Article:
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Free work AFTER contract?

Community Leader
David D Member Since: Jun 8, 2016
21 of 21

A couple of things.


1. Don't get caught up in the fear of receiving negative feedback. It's happened to all of us, and one bad review (even if you don't have many now) isn't going to end your freelance career. If you're a slave to the rankings, you'll let clients dictate unfair terms all day long and you'll make yourself miserable in the process.


2. The fact that it's only a little bit of work is not beside the point. It IS the point. Be wary of any client that says "oh it'll only take you 5 minutes" - I call BS on that and any time a client wants to tell me how long something should take me, I consider it a red flag. 


A job takes as long as it takes. I can write a 500-word article in roughly an hour if I don't need to do in-depth research. I know freelancers who would take 3 hours for the same project. It takes as long as it takes.


If any job REALLY took 5-10 minutes, people would do it themselves. They really would. Most of them, anyhow. "It won't take long" is the Freelancer/Client equivalent of "what's the worst that could happen?" Well, the worst that could happen is the client lied or didn't know enough to tell me the real scope of the work, I wind up working for 3 hours on this 5 minutes freebie and not getting paid for my time. And to top it off- I have no recourse to now ask for payment because I agreed to do some "quick" work for free.


3. Even re-writes and revisions are dubious. Who's dictating what needs to be rewritten? Who's fault is it that it wasn't done right in the first place? Believe me, clients can sometimes be horrible at communicating what they're looking for. They'll tell you they want an article on apples and then come back and ask why there's no mention of oranges since this is a fruit article. It happens.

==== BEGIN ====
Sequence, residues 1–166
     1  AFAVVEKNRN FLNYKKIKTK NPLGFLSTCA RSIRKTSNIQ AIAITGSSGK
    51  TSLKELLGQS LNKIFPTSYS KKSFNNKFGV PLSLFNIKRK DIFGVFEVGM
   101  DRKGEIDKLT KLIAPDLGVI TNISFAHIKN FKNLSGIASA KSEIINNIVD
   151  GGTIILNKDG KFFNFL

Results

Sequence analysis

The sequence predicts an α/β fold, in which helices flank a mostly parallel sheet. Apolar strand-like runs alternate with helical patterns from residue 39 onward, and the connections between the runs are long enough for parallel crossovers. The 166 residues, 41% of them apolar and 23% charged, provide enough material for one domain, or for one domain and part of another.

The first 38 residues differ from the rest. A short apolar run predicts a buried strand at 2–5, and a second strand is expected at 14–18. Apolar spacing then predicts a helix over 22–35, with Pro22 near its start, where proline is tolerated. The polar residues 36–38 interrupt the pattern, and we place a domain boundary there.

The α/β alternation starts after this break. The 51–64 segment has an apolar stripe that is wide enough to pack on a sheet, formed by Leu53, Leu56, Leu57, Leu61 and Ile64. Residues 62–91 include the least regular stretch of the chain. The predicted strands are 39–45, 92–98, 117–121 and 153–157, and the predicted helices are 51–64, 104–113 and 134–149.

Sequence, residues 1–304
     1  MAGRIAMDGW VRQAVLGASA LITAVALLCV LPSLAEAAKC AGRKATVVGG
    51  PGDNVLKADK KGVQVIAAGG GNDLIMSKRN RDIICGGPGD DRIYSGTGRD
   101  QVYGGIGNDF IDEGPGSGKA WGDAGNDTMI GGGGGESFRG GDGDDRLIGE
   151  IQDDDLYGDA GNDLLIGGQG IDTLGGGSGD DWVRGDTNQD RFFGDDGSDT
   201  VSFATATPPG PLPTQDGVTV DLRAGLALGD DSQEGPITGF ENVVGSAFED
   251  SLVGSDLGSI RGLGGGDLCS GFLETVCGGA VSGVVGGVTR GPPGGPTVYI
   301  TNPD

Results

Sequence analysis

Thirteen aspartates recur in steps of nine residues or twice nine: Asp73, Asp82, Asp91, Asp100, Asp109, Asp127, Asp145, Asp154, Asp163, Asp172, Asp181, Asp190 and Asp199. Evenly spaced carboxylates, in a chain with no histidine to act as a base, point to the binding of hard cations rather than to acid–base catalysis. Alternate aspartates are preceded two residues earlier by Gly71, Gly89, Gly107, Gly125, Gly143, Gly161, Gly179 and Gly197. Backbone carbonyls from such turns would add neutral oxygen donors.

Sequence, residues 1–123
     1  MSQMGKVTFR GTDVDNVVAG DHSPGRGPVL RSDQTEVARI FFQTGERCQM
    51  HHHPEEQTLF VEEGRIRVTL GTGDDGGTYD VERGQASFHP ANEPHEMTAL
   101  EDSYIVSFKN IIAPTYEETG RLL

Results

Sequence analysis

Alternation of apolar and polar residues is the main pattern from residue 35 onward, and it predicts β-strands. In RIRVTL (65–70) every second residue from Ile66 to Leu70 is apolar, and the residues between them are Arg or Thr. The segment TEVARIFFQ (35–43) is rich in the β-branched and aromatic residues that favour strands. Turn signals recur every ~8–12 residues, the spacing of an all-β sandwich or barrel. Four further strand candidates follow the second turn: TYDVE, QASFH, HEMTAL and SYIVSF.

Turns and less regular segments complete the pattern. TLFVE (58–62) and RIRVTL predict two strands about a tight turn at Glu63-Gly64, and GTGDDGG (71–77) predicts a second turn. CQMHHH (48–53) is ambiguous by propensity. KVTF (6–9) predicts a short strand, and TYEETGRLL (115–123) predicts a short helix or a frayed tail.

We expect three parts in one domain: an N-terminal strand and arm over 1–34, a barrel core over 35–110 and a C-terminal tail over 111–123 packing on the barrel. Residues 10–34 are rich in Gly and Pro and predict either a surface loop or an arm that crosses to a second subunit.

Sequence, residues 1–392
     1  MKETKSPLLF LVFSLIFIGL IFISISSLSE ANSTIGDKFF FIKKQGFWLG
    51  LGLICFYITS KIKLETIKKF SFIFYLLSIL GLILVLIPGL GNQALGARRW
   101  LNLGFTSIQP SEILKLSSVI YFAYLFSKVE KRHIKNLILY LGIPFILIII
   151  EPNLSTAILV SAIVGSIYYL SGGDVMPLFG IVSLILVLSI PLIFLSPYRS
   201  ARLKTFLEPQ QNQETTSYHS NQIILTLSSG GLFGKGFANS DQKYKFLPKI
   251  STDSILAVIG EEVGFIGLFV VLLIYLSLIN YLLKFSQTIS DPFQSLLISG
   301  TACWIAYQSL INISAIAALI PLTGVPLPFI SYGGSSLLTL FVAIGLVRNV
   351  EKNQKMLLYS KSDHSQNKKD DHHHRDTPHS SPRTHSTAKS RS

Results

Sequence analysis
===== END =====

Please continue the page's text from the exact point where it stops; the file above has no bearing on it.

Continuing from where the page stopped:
I generally don't have a problem providing revisions either, and I'm not saying you shouldn't, but it can be a slippery slope. I have a term sheet that I show to all of my clients that lets them know what my policy on revisions is. I would strongly suggest you consider doing the same. It helps to put things out there so that everyone is on the same page. 


In the end, I would politely tell the client that you appreciate the work and that you would be happy to work with them in the future, but that Upwork's TOS strictly prohibits you from providing work without an active contract, and that it wouldn't be in anyone's best interest for you to do so. It's for everyone's protection and peace of mind, after all. If they push back, cut 'em loose.


Will they give you a bad review? Maybe. But take the hit and move on, content that you've done the right thing. Remember, you get to leave reviews as well. And if this client continues to behave this way, it won't be the only negative review in their future.


Good clients will find the good freelancers. They'll also not judge you based on one poor review. If you do good work and find good clients, your feedback will turn out just fine. 


But if you start on a bad path now, it can REALLY be a pain down the line.